PRETORIA: Danny Jordaan has confirmed that South Africa did route $10m to CONCACAF in 2008 but has refuted suggestions that the money was a bribe in return for winning World Cup host rights writes KEIR RADNEDGE.
Jordaan, president of the South African Football Association, was head of the World Cup bid effort and then chief executive of the local organising committee in 2010.
The money, which was routed through a FIFA account, was described by Jordaan as South Africa’s contribution towards the Caribbean’s football development fund.
On Saturday, at a press conference, FIFA president Sepp Blatter refused to ask questions about who at FIFA had sanctioned rerouting the payment.
The $10m emerged in the indictment of 14 people by the United States Justice Department last Wednesday. Seven, including two confederations presidents in Jeff Webb (CONCACAF) and Eugenio Figueredo (South America) were detained in an early-morning raid at a luxury hotel in Zurich two days before the congress of the world federation.
Paragraph 188 refers to an offer by the South African government “to pay $10m to the Caribbean Football Union to ‘support the African diaspora.’”
South Africa was duly awarded the 2010 World Cup by FIFA in May 2004. No monies were paid at that point.
Later it emerged that the South Africans “were unable to arrange for the payment to be made directly from government funds.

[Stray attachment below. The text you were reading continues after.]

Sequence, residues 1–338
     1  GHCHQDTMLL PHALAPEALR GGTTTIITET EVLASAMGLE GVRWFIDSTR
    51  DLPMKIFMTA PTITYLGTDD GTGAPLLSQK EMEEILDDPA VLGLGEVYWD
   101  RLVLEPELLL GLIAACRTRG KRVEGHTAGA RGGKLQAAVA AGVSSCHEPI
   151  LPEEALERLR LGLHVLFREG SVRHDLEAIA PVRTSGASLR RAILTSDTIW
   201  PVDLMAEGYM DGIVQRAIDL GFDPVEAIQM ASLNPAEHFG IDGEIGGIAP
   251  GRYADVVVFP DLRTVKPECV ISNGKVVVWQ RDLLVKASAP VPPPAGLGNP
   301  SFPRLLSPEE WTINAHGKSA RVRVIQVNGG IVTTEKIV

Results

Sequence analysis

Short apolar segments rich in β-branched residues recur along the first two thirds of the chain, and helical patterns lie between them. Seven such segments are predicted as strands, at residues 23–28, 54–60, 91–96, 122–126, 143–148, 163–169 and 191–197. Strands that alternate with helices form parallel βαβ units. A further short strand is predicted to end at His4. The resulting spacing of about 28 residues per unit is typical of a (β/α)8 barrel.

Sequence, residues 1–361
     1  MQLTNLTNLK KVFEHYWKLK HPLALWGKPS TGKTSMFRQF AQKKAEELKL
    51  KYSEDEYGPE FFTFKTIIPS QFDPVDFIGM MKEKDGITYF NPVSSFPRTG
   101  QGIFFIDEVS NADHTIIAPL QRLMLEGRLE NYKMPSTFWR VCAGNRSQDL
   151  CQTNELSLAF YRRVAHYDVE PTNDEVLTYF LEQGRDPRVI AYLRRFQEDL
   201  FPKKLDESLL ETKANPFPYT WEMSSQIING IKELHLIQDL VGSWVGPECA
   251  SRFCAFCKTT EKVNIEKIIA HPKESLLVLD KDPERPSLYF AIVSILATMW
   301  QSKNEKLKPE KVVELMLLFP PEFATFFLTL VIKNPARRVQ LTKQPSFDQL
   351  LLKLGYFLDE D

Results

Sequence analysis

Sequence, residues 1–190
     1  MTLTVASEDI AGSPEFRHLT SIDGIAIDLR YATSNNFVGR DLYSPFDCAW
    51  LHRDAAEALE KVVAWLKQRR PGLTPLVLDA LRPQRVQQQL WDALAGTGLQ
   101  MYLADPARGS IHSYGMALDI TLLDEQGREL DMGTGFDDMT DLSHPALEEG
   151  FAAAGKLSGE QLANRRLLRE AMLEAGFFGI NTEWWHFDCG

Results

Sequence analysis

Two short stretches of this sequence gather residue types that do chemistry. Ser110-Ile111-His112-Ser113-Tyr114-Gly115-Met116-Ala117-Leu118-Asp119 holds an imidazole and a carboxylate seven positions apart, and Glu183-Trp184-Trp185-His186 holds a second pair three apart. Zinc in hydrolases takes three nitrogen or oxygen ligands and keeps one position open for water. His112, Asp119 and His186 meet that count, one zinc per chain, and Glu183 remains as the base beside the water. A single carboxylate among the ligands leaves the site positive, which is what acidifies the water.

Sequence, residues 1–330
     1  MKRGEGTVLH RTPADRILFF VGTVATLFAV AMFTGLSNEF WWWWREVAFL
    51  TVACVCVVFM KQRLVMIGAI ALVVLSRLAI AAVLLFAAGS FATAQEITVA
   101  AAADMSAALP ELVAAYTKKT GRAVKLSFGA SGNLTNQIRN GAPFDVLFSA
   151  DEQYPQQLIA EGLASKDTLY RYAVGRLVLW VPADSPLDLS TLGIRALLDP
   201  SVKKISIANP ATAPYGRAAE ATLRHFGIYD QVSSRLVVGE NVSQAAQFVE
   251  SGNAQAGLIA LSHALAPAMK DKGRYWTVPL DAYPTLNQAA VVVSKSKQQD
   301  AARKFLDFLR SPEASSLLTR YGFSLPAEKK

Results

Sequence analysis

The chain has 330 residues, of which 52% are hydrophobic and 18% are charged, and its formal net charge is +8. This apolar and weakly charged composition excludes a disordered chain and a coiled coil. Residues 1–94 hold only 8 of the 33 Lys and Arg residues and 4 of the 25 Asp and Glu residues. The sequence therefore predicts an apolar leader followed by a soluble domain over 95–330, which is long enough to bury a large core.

“Arrangements were thereafter made with FIFA officials to instead have the $10m sent from FIFA – using funds that would otherwise have gone from FIFA to South Africa to support the World Cup – to [the] CFU.
“In fact, on January 2, 2008, January 31, 2008 and March 7, 2008, a high-ranking FIFA official caused payments of $616,000, $1,600,000, and $7,784,000 -totaling $10 million – to be wired from a FIFA account in Switzerland to a Bank of America account in New York held in the names of CFU and CONCACAF, but controlled by the [then CONCACAF president [then Trinidadian Jack Warner] .
“Soon after receiving these wire transfers, the [Warner] caused a substantial portion of the funds to be diverted for his personal use.”
Under the norms understood to have existed at the time within FIFA, payments of such a sum would have had to be counter-signed by both the finance director and the general secretary.
Jerome Valcke, currently secretary-general of FIFA, took over the role in the summer of 2007 from Urs Linsi.
Jordaan has now been reported by South African media as saying: “I haven’t paid a bribe or taken a bribe from anybody in my life. We don’t know who is mentioned [in the indictment] – and I don’t want to assume that I am mentioned.
“During my tenure as ceo at the 2010 World Cup organising cCommittee, I was bound by [strict] regulations [and] could authorise payments of a maximum of R1 million.”
Jordaan noted that the $10m was paid four years after the award, adding: “How could we have paid a bribe for votes four years after we had won the bid?”